Credit crisis diary: The sweet taste of a global recession

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The Independent Online

Cadbury is one of the few companies sitting pretty in the current economic climate, benefiting as it does from the theory of "choconomics" – basically, that people spend more on little treats when times are tough. So enamoured with the idea are senior executives at the choccies company that they've coined a new phrase for the financial crisis. The credit crunchie, they're calling it.

Oh come, all ye faithful

Now that Anthony Bolton, stock picker extraordinaire, has stepped back from full-time fund management, he has a little more time to devote to his other interests. So it is that Fidelity, Bolton's employer, is inviting people to an evening of Christmas carols next month, all composed by the great man himself. No longer the silent assassin, then.

Surely some mistake?

So shocked were City traders by the Bank of England's dramatic 150-basis-point interest rate cut yesterday that a rumour was doing the dealing room rounds within minutes. Fat fingers had come to the Bank, the gossips said, and the MPC really only meant to offer up a half-point cut.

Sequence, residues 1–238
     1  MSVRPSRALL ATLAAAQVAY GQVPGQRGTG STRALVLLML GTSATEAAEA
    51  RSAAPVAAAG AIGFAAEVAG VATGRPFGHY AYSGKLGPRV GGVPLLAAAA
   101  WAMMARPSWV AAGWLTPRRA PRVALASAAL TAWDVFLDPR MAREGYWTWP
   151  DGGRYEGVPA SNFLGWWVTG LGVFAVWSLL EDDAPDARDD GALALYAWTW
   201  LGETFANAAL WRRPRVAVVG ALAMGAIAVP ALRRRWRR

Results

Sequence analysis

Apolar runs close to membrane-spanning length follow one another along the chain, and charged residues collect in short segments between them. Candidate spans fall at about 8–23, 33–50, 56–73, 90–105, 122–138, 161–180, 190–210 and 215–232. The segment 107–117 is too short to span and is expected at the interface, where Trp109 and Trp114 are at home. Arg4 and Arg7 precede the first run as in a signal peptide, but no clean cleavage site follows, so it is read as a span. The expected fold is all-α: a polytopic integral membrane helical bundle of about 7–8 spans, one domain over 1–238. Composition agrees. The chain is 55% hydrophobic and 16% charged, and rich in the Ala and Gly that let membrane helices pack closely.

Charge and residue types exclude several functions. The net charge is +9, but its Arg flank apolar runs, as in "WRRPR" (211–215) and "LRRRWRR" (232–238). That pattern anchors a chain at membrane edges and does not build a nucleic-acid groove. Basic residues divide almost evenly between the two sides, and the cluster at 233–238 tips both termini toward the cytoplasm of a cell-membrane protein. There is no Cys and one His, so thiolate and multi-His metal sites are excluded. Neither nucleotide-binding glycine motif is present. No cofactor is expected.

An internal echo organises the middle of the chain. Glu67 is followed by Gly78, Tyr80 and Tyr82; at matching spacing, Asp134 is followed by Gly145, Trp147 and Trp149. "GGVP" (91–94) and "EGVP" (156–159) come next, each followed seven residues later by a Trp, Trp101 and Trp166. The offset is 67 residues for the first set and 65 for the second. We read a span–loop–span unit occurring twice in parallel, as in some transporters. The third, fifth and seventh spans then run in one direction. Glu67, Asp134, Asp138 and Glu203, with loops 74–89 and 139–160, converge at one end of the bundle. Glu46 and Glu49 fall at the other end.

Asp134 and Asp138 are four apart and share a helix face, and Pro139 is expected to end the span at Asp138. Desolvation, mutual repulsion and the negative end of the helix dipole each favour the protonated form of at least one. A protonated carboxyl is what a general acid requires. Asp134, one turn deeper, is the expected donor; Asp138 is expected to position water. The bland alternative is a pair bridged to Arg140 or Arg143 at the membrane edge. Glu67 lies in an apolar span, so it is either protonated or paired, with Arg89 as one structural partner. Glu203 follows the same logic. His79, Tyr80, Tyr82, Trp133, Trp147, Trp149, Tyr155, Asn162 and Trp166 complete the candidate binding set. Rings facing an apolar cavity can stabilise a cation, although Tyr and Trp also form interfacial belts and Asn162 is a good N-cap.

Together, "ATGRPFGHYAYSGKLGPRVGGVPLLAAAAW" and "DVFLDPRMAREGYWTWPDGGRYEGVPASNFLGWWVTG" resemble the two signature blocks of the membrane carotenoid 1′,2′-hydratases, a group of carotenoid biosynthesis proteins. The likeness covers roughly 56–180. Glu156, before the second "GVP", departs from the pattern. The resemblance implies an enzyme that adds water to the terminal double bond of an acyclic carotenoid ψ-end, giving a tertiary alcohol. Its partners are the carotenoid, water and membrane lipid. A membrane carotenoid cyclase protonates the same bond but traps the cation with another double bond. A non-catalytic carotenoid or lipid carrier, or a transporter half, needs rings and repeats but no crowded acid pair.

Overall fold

If at first you don't succeed...

Fresh from its battle with Tesco – difficult to characterise as anything other than a big win for the UK's favourite supermarket – The Guardian has come up with a new wheeze for exposing the taxation shenanigans of large companies. It has sent an extensive questionnaire on corporate taxation policy to all FTSE 100 companies, accompanied with a threat. HM Revenue & Customs categorises all companies as high, medium or low risk on tax avoidance, and the newspaper has told everyone that they will be exposed as high-risk if they fail to respond to its questionnaire. Unfortunately, Footsie bosses aren't daft – their PR departments have organised a mass boycott of the survey. They'll presumably all be damned together, then.

A cut above

Apologies to the nation's hairdressers from the Diary. Yesterday, we highlighted a plea from the industry's trade body for a cut in VAT on haircuts and got its name completely wrong. The body in question is, of course, the National Hairdressers' Federation.

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